As a missionary in 1984, Steve "Dusty" Smith would have never imagined he would become "the worst kind of anti-Mormon." But just five years after leaving for his mission, Dusty would adamantly fight against the church he once loved.
Before his mission, Dusty had built a history with faith as he found God again after the tragic death of a family friend, discovered a forgotten copy of the Book of Mormon, and became the only member of his family to be baptized.
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Once he received his call, however, the loneliness he felt in the MTC as a 24-year-old amid 19- and 21-year-olds nearly caused him to go home. That was until he called Church headquarters.
"I said, 'If nobody cares if I'm here, I'm going home," Dusty says in a This Is the Gospel podcast. "I wait a few seconds and a voice comes on the phone and says, 'Elder, if nobody else cares about you serving a mission, I do. This is L. Tom Perry.' And so we chatted, and at the end of the conversation, he said, "Do you mind if I become your penpal?" Elder Perry was my penpal on my mission." Dusty's correspondence with Elder Perry helped him complete a mission in Honduras despite having little support from his parents.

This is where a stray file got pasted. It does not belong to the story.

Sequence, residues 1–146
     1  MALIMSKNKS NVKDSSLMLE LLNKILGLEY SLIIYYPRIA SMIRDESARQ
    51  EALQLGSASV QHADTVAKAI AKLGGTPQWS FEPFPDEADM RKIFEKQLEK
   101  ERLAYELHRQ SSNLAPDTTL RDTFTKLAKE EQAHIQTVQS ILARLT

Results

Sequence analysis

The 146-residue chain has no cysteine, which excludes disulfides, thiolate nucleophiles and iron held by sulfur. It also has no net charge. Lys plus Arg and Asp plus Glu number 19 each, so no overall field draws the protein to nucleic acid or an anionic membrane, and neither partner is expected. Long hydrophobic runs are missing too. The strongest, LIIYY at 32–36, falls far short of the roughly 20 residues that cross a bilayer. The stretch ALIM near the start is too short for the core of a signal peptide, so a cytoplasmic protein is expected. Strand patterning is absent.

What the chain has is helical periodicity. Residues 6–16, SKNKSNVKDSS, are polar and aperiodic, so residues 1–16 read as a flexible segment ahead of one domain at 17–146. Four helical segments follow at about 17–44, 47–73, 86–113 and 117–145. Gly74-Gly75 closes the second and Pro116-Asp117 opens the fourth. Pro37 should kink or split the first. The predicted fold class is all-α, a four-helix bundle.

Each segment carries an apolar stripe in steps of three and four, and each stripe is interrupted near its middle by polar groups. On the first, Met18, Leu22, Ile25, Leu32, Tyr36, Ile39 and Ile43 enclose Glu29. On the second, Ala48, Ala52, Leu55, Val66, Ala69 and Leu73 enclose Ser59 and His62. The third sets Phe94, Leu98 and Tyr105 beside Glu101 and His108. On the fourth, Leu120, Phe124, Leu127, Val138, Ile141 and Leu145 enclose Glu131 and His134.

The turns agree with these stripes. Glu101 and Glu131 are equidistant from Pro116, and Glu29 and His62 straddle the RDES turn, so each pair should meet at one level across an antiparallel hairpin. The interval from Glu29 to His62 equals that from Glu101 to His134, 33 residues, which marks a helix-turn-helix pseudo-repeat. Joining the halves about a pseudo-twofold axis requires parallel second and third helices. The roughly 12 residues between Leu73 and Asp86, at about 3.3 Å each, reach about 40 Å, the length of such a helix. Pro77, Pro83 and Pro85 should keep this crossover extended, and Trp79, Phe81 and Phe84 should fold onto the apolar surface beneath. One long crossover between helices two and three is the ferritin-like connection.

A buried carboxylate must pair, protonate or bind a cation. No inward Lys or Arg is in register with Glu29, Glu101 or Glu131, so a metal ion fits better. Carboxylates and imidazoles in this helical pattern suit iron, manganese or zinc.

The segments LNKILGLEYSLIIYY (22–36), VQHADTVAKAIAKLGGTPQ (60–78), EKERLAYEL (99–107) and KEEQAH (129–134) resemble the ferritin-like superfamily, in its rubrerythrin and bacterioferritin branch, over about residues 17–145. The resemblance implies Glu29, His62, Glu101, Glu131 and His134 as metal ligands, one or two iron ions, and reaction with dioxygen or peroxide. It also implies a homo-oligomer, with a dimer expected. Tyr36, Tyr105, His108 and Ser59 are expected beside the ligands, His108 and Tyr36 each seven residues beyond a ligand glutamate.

However, after encountering Church protestors the Hill Cumorah pageant not long after coming home, Dusty decided he needed to research anti-Latter-day Saint material in order to better debate these topics.
In 1989, Dusty asked for his records be removed from the Church. He had read the anti-Latter-day Saint material and found he now had questions he felt no one could answer. And so for the next 26 years, Dusty fought against the church he had once sacrificed everything for.
"I would go to churches and give classes against the 'Mormon' church," Dusty says in the podcast. "I would write articles. I would stop missionaries on their bicycles and tell them they were following false Gods and false prophets. I was the worst kind of 'anti-Mormon.'"
During this time, in 2009 Dusty contracted swine flu. He was so sick that he felt he was on his deathbed when his son let in the last people he ever wanted to see: two Latter-day Saint missionaries.
"I said, 'Get out of my house," Dusty says. "They said, 'Can we give you a blessing?' I said, 'Will it get you out of my house?' And they said, 'Yes.' So I said, 'Then fine, do it.'"
Instantly after the blessing, for the first time in days, Dusty was able to sit up and move around his house.
Though still adamant that the missionaries leave his home and never return, that moment began a chain reaction of events that would eventually lead Dusty back to the Church. Listen to the full podcast below to hear Dusty's story of finding the Church, leaving it, and eventually finding his way back.
Lead image courtesy Dusty Smith